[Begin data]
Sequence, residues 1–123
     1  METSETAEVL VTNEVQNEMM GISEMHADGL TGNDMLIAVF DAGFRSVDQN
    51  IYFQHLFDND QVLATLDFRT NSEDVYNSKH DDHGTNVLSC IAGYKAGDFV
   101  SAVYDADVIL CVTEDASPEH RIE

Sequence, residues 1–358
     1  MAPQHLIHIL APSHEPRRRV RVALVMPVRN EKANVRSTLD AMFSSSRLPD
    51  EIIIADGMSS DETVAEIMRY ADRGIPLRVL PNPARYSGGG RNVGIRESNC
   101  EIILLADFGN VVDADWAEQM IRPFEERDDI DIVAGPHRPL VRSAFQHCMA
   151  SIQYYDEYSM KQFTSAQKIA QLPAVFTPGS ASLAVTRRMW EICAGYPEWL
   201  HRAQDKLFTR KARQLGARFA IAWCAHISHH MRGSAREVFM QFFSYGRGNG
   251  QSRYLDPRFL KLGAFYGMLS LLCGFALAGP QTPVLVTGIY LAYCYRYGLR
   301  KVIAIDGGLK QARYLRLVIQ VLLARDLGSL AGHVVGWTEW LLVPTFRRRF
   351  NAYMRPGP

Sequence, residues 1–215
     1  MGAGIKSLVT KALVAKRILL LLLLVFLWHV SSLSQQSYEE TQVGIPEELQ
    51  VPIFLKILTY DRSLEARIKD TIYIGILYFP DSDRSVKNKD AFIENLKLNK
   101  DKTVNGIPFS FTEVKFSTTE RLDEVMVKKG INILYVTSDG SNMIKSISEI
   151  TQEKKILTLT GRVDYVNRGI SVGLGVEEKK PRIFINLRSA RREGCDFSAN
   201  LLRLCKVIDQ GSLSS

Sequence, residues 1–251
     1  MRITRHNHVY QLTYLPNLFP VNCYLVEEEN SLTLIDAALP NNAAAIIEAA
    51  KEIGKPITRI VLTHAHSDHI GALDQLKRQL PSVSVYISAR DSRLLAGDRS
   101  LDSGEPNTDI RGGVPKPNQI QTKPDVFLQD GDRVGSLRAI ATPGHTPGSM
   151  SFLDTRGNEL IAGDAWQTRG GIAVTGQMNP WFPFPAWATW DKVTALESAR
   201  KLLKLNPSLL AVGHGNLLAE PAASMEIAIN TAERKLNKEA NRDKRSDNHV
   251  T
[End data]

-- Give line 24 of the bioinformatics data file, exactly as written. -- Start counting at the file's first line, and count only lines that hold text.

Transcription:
   151  SFLDTRGNEL IAGDAWQTRG GIAVTGQMNP WFPFPAWATW DKVTALESAR